MONTREAL, Dec. 8 (UPI) -- "Angry" expressions are usually thought to be male, Canadian, Austrian and U.S. researchers found.
Two studies, published in the Journal of Vision, found scowls and smiles are often considered cues for gender identification.
In the first study, androgynous faces with lowered eyebrows and tight lips -- categorized as angry expressions -- were more likely to be identified as male. Those with smiles and raised eyebrows -- expressions of happiness and fear -- were often labeled feminine.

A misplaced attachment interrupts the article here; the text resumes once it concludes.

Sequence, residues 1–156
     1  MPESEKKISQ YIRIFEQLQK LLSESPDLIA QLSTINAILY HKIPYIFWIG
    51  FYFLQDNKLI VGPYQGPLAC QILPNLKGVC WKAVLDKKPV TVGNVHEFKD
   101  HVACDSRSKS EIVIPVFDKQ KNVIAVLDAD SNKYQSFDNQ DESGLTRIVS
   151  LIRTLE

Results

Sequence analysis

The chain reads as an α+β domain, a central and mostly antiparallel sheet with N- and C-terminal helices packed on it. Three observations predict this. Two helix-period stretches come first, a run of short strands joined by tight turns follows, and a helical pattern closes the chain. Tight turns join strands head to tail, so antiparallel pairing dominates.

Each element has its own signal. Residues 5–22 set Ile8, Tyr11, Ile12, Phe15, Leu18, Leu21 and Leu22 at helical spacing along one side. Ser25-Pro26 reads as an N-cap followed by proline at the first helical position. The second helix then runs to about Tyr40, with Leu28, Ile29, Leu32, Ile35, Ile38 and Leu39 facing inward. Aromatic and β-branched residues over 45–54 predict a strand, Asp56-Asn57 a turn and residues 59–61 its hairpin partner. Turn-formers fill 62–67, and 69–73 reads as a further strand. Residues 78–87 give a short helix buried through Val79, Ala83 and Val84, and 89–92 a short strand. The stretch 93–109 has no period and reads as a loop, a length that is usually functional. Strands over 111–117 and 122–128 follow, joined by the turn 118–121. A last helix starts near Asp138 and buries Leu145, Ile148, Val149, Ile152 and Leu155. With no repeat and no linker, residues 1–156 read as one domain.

In the second study, when male and female faces wearing expressions of happiness, anger, sadness, fear or a neutral expression were shown to study participants, the female faces that expressed anger took the longest to identify.
"The present research shows that the association between anger and men and happiness and women is so strong that it can influence the decisions about the gender of another person when that person is viewed briefly," study author Ursula Hess of the University of Quebec in Montreal said in a statement.